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When she had thus spoken Iris left him, and Hektor sprang full armed from his chariot to the ground, brandishing his spear as he went about everywhere among the host, cheering his men on to fight, and stirring the dread strife of battle. The Trojans then wheeled round, and again met the Achaeans, while the Argives on their part strengthened their battalions. The battle was now in array and they stood face to face with one another, Agamemnon ever pressing forward in his eagerness to be ahead of all others.

Tell me now you Muses that dwell in the mansions of Olympus, who, whether of the Trojans or of their allies, was first to face Agamemnon? It was Iphidamas son of Antenor, a man both brave and of great stature, who was brought up in fertile Thrace the mother of sheep. Kissês, his mother's father, brought him up in his own house when he was a child - Kissês, father to fair Theano. When he reached manhood, Kissês would have kept him there, and was for giving him his daughter in marriage, but as soon as he had married, he went away from the bride chamber, looking for glory [kleos] from the Achaeans. He came with twelve ships: these he had left at Perkote and had come on by land to Ilion. He it was that now met Agamemnon son of Atreus. When they were close up with one another, the son of Atreus missed his aim, and Iphidamas hit him on the belt below the cuirass and then flung himself upon him, trusting to his strength of arm; the belt, however, was not pierced, nor nearly so, for the point of the spear struck against the silver and was turned aside as though it had been lead: King Agamemnon caught it from his hand, and drew it towards him with the fury of a lion; he then drew his sword, and killed Iphidamas by striking him on the neck. So there the poor young man lay, sleeping a sleep as it were of bronze, killed in the defense of his fellow-citizens, far from his wedded wife, of whom he had had no joy [kharis] though he had given much for her: he had given a hundred-head of cattle down, and had promised later on to give a thousand sheep and goats mixed, from the countless flocks of which he was possessed. Agamemnon son of Atreus then despoiled him, and carried off his armor into the host of the Achaeans.

When noble Koön, Antenor's eldest son, saw this, the grief [penthos] made his eyes sore at the sight of his fallen brother. Unseen by Agamemnon he got beside him, spear in hand, and wounded him in the middle of his arm below the elbow, the point of the spear going right through the arm. Agamemnon was convulsed with pain, but still not even for this did he leave off struggling and fighting, but grasped his spear that flew as fleet as the wind, and sprang upon Koön who was trying to drag off the body of his brother - his father's son - by the foot, and was crying for help to all the bravest of his comrades; but Agamemnon struck him with a bronze-shod spear and killed him as he was dragging the dead body through the press of men under cover of his shield: he then cut off his head, standing over the body of Iphidamas. Thus did the sons of Antenor meet their fate at the hands of the son of Atreus, and go down into the house of Hades.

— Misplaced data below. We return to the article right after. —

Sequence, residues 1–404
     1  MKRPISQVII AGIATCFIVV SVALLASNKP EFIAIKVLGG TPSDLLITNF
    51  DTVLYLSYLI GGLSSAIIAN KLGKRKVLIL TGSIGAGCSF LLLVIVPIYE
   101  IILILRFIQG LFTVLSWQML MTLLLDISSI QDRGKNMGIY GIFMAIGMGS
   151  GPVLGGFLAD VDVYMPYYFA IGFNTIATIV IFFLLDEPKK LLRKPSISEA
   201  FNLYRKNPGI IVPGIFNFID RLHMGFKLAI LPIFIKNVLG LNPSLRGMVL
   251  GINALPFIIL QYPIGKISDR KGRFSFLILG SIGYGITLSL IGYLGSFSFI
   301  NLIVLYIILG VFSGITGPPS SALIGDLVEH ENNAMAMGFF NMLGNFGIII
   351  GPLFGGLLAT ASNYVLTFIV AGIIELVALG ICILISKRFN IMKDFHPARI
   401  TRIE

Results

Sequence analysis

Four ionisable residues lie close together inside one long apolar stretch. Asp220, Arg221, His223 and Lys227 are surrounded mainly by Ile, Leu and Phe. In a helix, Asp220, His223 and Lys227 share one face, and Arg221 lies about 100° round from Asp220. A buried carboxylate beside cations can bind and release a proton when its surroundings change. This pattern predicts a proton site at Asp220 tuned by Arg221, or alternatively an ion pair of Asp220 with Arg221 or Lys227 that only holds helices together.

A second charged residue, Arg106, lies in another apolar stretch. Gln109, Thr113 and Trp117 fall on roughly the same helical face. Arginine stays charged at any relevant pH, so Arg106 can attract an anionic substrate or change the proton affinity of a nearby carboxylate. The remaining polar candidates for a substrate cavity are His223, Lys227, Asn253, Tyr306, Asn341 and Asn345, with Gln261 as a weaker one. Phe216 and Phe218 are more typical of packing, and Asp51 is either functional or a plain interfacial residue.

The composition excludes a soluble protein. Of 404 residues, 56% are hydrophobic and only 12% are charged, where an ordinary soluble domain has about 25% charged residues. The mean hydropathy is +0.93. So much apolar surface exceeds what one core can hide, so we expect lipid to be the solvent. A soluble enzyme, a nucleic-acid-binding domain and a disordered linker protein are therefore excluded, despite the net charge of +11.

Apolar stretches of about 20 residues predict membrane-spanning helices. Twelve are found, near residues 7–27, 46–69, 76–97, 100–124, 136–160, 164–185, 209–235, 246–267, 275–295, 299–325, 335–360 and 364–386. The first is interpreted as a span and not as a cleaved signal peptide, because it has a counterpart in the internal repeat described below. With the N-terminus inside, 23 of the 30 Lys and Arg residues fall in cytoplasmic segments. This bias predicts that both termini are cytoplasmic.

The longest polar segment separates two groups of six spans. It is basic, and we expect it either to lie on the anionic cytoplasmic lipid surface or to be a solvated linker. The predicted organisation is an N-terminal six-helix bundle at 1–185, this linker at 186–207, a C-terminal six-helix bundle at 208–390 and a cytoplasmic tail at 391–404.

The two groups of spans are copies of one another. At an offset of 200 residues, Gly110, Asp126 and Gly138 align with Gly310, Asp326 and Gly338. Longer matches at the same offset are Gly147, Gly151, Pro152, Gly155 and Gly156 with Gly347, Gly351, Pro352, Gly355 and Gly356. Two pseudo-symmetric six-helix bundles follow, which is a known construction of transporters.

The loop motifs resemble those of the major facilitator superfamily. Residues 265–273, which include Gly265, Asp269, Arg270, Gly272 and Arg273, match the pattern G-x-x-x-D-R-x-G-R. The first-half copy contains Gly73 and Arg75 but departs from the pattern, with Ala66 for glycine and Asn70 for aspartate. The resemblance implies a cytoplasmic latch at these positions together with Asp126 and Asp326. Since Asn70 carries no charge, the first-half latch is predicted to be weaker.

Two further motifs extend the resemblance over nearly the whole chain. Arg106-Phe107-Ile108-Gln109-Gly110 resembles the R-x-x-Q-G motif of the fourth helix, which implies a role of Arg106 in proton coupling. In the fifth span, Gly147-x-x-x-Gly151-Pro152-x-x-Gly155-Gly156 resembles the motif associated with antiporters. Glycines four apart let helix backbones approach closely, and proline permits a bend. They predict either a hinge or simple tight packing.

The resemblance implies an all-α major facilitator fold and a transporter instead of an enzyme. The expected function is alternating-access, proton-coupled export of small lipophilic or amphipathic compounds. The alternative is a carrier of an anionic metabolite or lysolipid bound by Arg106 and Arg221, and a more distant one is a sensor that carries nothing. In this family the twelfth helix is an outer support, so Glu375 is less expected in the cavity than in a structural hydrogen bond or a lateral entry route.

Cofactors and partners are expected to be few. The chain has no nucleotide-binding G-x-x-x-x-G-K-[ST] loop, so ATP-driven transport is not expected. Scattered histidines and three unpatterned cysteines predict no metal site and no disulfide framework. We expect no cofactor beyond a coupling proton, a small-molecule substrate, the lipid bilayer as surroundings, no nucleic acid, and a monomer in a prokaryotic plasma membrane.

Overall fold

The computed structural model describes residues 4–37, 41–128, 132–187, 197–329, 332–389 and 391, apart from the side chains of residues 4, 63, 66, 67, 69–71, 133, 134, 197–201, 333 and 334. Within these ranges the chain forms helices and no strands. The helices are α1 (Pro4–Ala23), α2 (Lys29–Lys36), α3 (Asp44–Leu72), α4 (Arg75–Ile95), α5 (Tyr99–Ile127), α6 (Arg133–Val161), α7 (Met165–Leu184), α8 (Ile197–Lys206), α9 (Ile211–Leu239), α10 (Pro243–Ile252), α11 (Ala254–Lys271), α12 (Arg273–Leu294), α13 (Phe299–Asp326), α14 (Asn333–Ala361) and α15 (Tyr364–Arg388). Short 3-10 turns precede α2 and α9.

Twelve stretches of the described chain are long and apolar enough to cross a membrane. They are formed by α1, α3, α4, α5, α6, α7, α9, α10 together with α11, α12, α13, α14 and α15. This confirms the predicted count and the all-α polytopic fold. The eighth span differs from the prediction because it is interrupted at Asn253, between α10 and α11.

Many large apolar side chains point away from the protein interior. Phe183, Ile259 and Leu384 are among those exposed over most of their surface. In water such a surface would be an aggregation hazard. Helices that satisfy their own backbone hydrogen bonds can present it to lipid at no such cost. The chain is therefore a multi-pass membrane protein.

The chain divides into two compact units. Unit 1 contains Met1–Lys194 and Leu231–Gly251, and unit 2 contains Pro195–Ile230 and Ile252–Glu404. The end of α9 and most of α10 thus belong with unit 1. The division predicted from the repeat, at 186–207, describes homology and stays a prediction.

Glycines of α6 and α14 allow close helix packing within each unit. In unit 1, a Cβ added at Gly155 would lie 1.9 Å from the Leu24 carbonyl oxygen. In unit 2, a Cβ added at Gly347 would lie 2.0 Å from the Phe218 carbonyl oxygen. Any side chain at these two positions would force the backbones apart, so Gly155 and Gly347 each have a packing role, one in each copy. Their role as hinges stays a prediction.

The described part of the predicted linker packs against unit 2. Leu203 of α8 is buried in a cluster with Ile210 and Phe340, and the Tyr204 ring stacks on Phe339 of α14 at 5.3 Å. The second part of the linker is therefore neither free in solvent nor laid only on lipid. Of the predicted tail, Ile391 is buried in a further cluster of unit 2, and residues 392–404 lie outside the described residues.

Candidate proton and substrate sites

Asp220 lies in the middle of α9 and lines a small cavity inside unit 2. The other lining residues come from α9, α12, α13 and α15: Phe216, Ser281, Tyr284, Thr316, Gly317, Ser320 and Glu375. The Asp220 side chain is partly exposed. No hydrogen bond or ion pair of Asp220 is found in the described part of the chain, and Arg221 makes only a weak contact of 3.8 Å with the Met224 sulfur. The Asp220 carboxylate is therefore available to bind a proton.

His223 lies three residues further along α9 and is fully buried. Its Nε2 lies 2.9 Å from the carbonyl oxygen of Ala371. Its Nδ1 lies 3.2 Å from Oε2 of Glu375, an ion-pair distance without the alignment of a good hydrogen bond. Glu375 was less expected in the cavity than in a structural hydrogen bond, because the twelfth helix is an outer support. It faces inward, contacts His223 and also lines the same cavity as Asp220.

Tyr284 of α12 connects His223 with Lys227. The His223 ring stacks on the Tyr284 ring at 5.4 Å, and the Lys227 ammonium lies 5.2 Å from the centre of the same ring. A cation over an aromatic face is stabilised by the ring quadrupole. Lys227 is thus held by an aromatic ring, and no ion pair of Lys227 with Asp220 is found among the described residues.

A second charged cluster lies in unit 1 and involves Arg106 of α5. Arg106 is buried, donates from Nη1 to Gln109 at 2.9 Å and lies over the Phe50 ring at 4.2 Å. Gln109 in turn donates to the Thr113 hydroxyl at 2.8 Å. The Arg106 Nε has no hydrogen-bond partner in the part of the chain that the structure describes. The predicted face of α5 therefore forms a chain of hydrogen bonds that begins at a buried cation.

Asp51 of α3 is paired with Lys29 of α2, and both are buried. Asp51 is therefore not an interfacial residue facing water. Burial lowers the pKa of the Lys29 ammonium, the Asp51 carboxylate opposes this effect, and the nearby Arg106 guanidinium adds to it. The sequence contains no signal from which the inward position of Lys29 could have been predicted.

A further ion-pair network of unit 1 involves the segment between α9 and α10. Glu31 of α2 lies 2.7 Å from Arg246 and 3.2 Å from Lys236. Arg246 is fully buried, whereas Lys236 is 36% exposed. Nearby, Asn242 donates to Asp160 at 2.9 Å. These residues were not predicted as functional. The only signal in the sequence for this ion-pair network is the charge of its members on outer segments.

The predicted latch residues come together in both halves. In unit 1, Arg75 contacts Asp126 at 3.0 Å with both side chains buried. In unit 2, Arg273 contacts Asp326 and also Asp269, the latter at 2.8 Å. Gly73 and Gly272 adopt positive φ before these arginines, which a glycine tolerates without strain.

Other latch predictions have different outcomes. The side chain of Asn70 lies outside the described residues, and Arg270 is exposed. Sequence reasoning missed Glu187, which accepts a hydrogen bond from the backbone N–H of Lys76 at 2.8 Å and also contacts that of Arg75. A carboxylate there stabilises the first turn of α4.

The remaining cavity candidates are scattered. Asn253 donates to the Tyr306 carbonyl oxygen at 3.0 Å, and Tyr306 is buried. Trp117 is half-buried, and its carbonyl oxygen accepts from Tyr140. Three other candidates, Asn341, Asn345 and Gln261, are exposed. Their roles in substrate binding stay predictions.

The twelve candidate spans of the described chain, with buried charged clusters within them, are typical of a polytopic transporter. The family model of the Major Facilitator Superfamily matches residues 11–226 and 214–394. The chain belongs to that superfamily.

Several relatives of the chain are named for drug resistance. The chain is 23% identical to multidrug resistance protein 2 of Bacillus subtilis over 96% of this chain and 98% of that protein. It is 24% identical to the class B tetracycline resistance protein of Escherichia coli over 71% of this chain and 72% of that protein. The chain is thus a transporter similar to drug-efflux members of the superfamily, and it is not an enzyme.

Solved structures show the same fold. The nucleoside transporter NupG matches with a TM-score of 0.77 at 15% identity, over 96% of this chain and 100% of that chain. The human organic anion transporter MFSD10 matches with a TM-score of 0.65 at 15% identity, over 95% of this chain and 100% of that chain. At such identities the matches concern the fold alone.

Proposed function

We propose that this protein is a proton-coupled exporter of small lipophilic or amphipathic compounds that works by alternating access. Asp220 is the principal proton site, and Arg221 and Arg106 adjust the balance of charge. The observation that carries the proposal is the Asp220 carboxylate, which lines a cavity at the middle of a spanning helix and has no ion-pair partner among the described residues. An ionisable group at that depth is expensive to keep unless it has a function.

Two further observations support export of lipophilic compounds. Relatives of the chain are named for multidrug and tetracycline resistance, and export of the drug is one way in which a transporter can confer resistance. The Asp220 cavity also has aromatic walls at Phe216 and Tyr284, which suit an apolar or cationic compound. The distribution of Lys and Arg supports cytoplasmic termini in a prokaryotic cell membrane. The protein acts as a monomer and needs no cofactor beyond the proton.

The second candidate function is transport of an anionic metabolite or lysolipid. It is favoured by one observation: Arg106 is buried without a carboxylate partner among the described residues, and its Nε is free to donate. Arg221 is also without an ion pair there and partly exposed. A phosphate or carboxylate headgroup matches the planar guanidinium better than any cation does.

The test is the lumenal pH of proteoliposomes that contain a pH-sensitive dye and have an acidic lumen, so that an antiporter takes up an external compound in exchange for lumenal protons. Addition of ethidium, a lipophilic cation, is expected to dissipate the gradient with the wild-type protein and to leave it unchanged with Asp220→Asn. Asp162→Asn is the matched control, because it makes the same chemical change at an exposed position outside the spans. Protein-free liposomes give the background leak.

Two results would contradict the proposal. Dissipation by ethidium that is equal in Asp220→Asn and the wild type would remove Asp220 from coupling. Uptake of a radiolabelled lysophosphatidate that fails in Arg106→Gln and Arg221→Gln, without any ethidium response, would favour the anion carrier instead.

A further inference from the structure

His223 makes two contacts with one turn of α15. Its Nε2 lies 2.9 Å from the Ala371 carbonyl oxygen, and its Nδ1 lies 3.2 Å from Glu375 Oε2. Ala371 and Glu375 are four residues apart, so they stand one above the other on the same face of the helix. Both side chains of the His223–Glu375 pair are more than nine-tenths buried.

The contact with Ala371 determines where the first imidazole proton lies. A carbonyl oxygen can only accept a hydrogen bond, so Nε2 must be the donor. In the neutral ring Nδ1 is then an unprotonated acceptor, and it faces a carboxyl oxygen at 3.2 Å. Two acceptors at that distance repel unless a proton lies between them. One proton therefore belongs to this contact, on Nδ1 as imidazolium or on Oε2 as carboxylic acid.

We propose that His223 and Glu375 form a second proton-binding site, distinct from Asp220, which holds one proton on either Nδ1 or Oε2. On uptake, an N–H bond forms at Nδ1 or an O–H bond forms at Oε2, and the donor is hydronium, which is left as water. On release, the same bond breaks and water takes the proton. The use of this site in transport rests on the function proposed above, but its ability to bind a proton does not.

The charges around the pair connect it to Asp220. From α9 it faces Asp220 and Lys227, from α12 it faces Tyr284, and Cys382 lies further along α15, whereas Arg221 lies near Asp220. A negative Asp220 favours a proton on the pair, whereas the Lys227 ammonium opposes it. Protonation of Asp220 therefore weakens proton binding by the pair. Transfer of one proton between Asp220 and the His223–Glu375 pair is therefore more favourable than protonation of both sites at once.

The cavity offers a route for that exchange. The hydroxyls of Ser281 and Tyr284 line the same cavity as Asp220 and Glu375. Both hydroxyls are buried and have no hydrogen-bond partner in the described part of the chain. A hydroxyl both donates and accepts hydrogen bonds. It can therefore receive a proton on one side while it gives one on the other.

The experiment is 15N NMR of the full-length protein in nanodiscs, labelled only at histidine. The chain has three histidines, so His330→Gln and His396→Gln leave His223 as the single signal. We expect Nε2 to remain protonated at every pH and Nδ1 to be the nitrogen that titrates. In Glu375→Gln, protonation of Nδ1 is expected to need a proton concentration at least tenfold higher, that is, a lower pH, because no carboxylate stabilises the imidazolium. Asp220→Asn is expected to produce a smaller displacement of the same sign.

As long as the blood still welled warm from his wound Agamemnon went about attacking the ranks of the enemy with spear and sword and with great handfuls of stone, but when the blood had ceased to flow and the wound grew dry, the pain became great. As the sharp pangs which the Eileithuiai, goddesses of childbirth, daughters of Hera and dispensers of cruel pain, send upon a woman when she is in labor- even so sharp were the pangs of the son of Atreus. He sprang on to his chariot, and bade his charioteer drive to the ships, for he was in great agony. With a loud clear voice he shouted to the Danaans, "My friends, princes and counselors of the Argives, defend the ships yourselves, for Zeus has not suffered me to fight the whole day through against the Trojans."

With this the charioteer turned his horses towards the ships, and they flew forward nothing loath. Their chests were white with foam and their bellies with dust, as they drew the wounded king out of the battle.

When Hektor saw Agamemnon quit the field, he shouted to the Trojans and Lycians saying, "Trojans, Lycians, and Dardanian warriors, be men, my friends, and acquit yourselves in battle bravely; their best man has left them, and Zeus has granted me a great triumph; charge the foe with your chariots that. you may win still greater glory."

With these words he put heart and soul into them all, and as a huntsman hounds his dogs on against a lion or wild boar, even so did Hektor, peer of Ares, hound the proud Trojans on against the Achaeans. Full of hope he plunged in among the foremost, and fell on the fight like some fierce tempest that swoops down upon the sea, and lashes its deep violet waters [pontos] into fury.

What, then is the full tale of those whom Hektor son of Priam killed in the hour of triumph which Zeus then granted him? First Asaios, Autonoos, and Opites; Dolops son of Klytios, Opheltios and Agelaos; Aisymnos, Orus and Hipponoos steadfast in battle; these chieftains of the Achaeans did Hektor slay, and then he fell upon the rank and file. As when the west wind hustles the clouds of the white south and beats them down with the fierceness of its fury - the waves of the sea roll high, and the spray is flung aloft in the rage of the wandering wind - even so thick were the heads of them that fell by the hand of Hektor.

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